A Facebook group member recently shared their buyer’s remorse. They shared their experience purchasing a brand-new trailer in November 2022. Approximately 6-7 weeks later, the owner found that the undercarriage was significantly “rusted like the Titanic….” As they described, “Anything that can rust is rusted: screws, bolts, nuts, brackets, slides, springs, wheels, axles, etc.” This member stressed the importance of getting an RV buyer inspection prior to taking the unit into possession, whether it’s brand-new or used.
Seeking warranty coverage
Since finding the rusted undercarriage, the consumer has made attempts to seek a warranty through the RV manufacturer, the frame manufacturer and the selling dealership. In all cases, there was no warranty through any avenue for rust. As he described, “… as soon as the unit leaves their lot rust is not covered … because they know the issue; the same with the framework manufacturer.”
A few days after the original post, the consumer provided a new update. The RV manufacturer has now approved the dealer to have the axles and springs replaced with new ones. The dealer was also authorized to “address the rust.” However, the method and time allowed are currently unknown.
The importance of an RV buyer inspection
For many of my customers, purchasing an RV is the second largest purchase of their lifetime, outside their home. For many, it is their home. I hope this example serves as a reminder that getting a purchase of this magnitude thoroughly inspected can save you from some serious buyer’s remorse.
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In looking at the photos provided, that only appears to be surface rust. Nothing looks rusted through and even the bolts don’t seem to be frozen. I am guessing (since it’s new), an accumulation of salt/saline from wintry roads during transport. Do you mean to tell me the buyer didn’t look at the undercarriage before signing off? Weird. I would have at least asked for some kind of undercarriage rust encapsulation treatment and then there would be a “shrug” and let’s go camping! I think the dealer went above and beyond by providing new springs.
Yeah, I tried to get my new diesel pusher inspected by an independent inspector but General RV in Birch Run, MI would not allow it. They said it was brand new and under warranty. They also do a PDI before the buyer arrives – so what’s the sense. Besides, it takes up too much of “their” time. Had I not traveled so far and placed a substantial deposit, I would have walked.
An RV buyer’s inspection sounds great and worth the money. BUT (always one of those) not usually practical when the buyer lives in a rural area. The nearest RV dealer (and I wouldn’t buy from them anyway) is a 100 miles away. So when you are buying a unit that far away, you typically can’t haul the unit to somebody you know. And it isn’t like you can easily haul your inspector to the dealership. Finding an independent inspector closer to the dealership and determining that individuals quality is far from easy. Let alone getting everybody on the same schedule.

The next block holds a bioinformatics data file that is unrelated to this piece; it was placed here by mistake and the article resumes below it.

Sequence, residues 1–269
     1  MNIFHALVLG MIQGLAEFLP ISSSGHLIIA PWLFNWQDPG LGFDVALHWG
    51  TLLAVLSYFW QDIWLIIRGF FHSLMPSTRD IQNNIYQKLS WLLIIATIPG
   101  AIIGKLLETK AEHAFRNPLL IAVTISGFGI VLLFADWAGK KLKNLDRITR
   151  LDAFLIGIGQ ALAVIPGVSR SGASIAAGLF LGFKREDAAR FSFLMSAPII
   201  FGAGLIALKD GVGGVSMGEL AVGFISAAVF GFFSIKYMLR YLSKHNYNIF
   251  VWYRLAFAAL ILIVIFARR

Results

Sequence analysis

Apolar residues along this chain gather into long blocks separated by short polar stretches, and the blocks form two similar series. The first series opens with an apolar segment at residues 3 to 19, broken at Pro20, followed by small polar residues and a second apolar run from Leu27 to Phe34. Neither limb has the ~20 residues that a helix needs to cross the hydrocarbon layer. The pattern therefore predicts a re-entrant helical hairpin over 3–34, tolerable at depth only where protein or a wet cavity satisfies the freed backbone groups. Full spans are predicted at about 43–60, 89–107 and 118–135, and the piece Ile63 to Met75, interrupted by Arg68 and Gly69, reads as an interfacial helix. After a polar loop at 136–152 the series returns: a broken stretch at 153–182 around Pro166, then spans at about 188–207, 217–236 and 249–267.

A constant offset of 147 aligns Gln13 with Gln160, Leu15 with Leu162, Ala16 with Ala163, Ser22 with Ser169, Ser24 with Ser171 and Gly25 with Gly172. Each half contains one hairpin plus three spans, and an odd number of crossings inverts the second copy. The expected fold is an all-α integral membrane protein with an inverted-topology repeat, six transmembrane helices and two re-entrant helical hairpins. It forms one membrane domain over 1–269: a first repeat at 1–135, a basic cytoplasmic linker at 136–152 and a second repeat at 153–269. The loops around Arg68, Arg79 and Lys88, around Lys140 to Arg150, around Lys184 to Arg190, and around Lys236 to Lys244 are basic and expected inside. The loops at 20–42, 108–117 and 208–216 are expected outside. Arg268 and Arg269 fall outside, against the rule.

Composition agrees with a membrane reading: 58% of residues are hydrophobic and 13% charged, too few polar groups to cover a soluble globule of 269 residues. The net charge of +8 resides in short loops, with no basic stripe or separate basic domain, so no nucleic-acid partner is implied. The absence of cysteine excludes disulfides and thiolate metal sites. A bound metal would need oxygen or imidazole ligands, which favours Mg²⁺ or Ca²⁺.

I’ve accepted this and wear my grungy clothes, flashlight, tape measure, level and ask to borrow a ladder from the dealership. Management might roll their eyes, but the RV techs in the shop almost never do and can be helpful.
You have identified one of the several challenges to get a reliable pre-delivery inspection when buying a RV from an individual. When a buyer encounters the challenges you have listed, walk away. Same with the dealership that would not allow the prospective buyer to have his own inspector inspect the unit.
The purchase of a RV is a significant investment and an inadequate inspection with a detailed itemized report should be required, or again, walk away.
My son paid a ‘purported’ RV Inspector $350.00 and was not present when the ‘non-itemized’ inspection was performed (100 miles away). After he towed the rv home, he had to spend about $500.00 to repair the rubber roof to a usable condition, plus a few other less significant issues that were not identified & repaired. He canceled the $350.00 payment and did not hear back from the ‘inspector’.
Not many things in the RV world are ‘simple’!
Terrible story, but left out the most important details: Manufacturer and Model?
(full disclosure, I’m a certified RV Inspector). It is amazing things I’ve seen in last 3 yrs. I think the worst was, $350,000 Super Class C, brand new, laundry list of 46 things wrong with it, including: water leaks, propane leak, generator that did not work, just unreal.
The pictures indicate that unit was being transported to the dealer during a snow storm where salt was spread on the highway to clear the snow and got covered in salt spray. Looks just like the bottom of a new car I had years ago when I lived in northern IL after the first three months of driving on salt covered roads.
We live in Southeast Pa. and Brine is worse than Salt. It has actually rotted the tool bins and bottom floor of my work truck. $65,000.00 down the drain
I agree the Brine they use is is worst than salt. Plus they use salt like they get paid for how much they use. I heard one of the TT’s brands had trouble with frames rusting quickly. As an inspector for the Army it was difficult to stop rust 100 percent on frames unless you dipped them in plating tanks then sealed the cracks prior to painting.